In 2011, during the Montreal Jazz Festival, Diana Krall had a solo show. Alone with her grand piano – sans bass, drums, or guitar as backup – she discussed the different songs and musicians that inspired her in her youth and played some of these songs to the attentive audience. It felt as though we were sitting in Krall’s parents’ living room, watching her flip through her dad’s old music sheets, and listening to her revive these old tunes. It was intimate, seemingly spontaneous, and thoroughly enjoyable. The same can be said of Julija Šukys’s second book, Epistolophilia: Writing the Life of Ona Šimaitė.
Writing the Life of Ona Šimaitė
University of Nebraska PRess
At first I really wanted to write a straight biography, but it didn’t work. Everything I wrote ‘traditionally’ was just flat. One of the reasons for this was that there’s a lot we don’t know in this story, so I had to address silences, the questions we didn’t have the answers to. For example, we don’t know how many people she saved exactly. She never told anybody. And there were problems with the archives themselves. I have this huge collection of letters, but a lot of it is the kind of writing that is repetitive: it talks about everyday activities: floor washing, debts, physical pain – the lives of women. I had to figure out how to tease a story out of this and how to make it readable. I was really quite desperate about it at a certain point.
Luckily, her editor told her to write the book in any way she saw fit. “Essentially, once I started to allow the first-person voice into the text and stopped censoring myself, once I started accepting that a major part of the story was the writing of her life, once I decided that it didn’t have to be chronological, which was incredibly liberating, that’s when the book started to come together.”
At times, Epistolophilia can feel like a stream-of-consciousness biography where Šukys takes you from one facet, or sphere as she calls them, of Šimaitė’s life to the next. We encounter her as the Lithuanian librarian who smuggled letters, documents, and Jews out of the Vilna ghetto; the “criminal” who was arrested, tortured and sent to Dachau; the atheist; the aunt who worried about her schizophrenic niece; the old woman who got up at the crack of dawn to work and write all the letters she promised to write. “The activity of letter writing is deeply, deeply connected to this way of life where she gave herself up to others constantly and in extreme ways.” Šukys says. “Eventually it became a burden, but that’s who she was.”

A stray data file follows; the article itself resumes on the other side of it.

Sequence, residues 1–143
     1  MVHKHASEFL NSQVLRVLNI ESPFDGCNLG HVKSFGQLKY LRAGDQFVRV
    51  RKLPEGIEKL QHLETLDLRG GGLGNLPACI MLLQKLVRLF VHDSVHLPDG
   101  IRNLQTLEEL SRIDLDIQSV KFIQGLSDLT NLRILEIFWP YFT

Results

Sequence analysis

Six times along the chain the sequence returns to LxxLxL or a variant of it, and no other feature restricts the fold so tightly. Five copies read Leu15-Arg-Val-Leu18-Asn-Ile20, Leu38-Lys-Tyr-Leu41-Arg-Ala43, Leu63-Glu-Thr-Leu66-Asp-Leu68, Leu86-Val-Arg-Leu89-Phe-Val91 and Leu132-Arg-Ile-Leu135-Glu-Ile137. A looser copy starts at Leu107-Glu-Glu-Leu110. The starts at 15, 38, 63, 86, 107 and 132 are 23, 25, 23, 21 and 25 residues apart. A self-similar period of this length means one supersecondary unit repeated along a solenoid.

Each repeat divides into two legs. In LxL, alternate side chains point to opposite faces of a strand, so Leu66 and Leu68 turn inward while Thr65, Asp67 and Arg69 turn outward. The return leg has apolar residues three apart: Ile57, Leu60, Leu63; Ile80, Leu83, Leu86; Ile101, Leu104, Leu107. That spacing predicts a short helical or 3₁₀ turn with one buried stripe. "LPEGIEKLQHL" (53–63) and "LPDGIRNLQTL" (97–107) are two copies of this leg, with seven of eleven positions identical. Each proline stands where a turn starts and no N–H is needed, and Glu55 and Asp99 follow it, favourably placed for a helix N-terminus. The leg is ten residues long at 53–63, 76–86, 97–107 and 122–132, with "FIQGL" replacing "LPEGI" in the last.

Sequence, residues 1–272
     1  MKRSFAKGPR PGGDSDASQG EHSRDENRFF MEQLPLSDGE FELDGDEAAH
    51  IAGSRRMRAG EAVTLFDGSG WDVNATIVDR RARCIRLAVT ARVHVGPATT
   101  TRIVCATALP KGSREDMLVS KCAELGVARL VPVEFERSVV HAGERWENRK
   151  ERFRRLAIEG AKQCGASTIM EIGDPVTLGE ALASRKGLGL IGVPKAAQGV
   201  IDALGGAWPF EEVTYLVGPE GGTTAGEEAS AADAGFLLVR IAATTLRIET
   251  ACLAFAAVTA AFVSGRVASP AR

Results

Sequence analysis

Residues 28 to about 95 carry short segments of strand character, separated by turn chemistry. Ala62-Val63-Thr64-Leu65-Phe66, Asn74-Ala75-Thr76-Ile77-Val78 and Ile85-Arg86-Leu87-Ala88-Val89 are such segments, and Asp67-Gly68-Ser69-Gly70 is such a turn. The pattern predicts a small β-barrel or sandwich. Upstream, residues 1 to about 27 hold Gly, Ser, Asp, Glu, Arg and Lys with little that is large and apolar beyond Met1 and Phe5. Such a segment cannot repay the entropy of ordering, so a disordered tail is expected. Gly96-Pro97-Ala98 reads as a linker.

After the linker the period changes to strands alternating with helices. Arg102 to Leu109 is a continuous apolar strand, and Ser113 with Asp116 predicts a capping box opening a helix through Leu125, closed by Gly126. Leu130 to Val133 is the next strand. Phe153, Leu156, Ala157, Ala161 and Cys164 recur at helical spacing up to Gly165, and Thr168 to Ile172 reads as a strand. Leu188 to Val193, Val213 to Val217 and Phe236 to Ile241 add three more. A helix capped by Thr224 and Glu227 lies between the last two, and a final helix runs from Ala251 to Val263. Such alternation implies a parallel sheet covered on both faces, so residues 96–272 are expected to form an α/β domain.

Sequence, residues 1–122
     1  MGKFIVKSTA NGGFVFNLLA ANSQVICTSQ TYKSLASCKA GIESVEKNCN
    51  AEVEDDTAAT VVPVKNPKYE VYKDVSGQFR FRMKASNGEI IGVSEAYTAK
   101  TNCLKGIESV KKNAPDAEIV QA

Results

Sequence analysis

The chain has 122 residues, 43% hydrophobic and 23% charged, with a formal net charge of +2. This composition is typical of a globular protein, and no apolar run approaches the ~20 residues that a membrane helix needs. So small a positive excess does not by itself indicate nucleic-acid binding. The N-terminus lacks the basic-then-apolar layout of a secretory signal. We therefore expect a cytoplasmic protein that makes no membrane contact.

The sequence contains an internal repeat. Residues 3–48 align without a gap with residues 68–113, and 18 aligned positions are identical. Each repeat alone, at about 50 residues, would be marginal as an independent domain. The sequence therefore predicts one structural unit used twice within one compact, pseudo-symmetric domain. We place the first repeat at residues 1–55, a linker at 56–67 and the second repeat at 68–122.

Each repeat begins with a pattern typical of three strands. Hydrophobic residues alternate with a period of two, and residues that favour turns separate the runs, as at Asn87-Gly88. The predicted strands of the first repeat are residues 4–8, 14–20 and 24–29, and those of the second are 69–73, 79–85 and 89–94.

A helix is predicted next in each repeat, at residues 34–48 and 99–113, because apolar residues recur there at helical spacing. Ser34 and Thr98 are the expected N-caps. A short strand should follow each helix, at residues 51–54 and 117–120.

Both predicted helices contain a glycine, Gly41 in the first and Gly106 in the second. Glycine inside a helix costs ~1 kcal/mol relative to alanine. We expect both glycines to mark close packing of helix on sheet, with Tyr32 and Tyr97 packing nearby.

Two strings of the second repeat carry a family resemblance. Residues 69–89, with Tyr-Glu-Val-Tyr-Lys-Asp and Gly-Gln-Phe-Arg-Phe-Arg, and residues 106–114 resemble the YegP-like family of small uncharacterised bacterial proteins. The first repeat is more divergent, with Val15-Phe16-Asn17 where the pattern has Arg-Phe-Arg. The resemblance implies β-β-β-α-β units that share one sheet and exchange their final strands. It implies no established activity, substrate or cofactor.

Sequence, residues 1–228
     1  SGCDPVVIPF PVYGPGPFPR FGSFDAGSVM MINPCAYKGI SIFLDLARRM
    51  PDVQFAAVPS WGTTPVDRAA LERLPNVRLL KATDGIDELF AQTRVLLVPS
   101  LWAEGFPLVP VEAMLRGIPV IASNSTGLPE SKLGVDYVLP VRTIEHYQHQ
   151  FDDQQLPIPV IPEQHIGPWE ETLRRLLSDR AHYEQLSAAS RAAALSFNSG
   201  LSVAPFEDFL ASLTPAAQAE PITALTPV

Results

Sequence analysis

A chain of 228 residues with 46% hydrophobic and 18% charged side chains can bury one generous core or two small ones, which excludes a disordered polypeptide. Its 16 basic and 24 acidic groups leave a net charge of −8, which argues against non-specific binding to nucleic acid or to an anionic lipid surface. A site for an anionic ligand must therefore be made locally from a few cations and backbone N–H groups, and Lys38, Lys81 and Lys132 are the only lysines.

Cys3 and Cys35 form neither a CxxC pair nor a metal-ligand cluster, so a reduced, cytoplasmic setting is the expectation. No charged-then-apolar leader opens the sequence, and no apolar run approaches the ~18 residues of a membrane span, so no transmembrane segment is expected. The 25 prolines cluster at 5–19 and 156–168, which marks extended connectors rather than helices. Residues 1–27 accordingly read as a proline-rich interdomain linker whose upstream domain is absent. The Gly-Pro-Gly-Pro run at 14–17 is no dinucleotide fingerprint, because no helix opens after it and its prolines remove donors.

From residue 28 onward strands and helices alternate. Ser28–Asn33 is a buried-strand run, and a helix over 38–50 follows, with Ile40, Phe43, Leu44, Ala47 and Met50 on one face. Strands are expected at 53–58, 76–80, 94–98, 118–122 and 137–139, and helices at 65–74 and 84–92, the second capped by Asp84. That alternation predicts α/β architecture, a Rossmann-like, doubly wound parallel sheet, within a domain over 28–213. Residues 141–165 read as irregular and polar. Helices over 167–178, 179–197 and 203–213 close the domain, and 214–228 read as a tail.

This way of approaching a biography may be jarring at first, especially for those used to reading straight biographies, but if readers let themselves go and follow the flow of this intimate story, they will find that everything falls into place. “As I work,” Šukys explains, “there are questions that arise and sometimes they’re questions that arise out of my own experience. I tend to follow trajectories and that’s what gave birth to this sort of nodal writing. I also think that other lives were embedded within Šimaitė’s and that each offshoot represents a whole other life story.”
A mosaic of Šimaitė’s life, Epistolophilia enables readers to create a three-dimensional person with the little information available. “All of these spheres were somehow touched by her years in Vilna. Her experience and the decisions she made to save lives somehow came into every one of these spheres, these relationships, whether it was her family correspondence or the postwar letters she was writing to survivors and to the families of survivors.”
Šukys’s great respect for her subject inspires respect for her own book. “When I read [the letters]” Šukys writes, “I feel as though she is speaking to me directly…” And that’s also how readers of Epistolophilia feel, as though Šukys is personally telling us the story of this incredible, and incredibly important, woman over a cup of tea.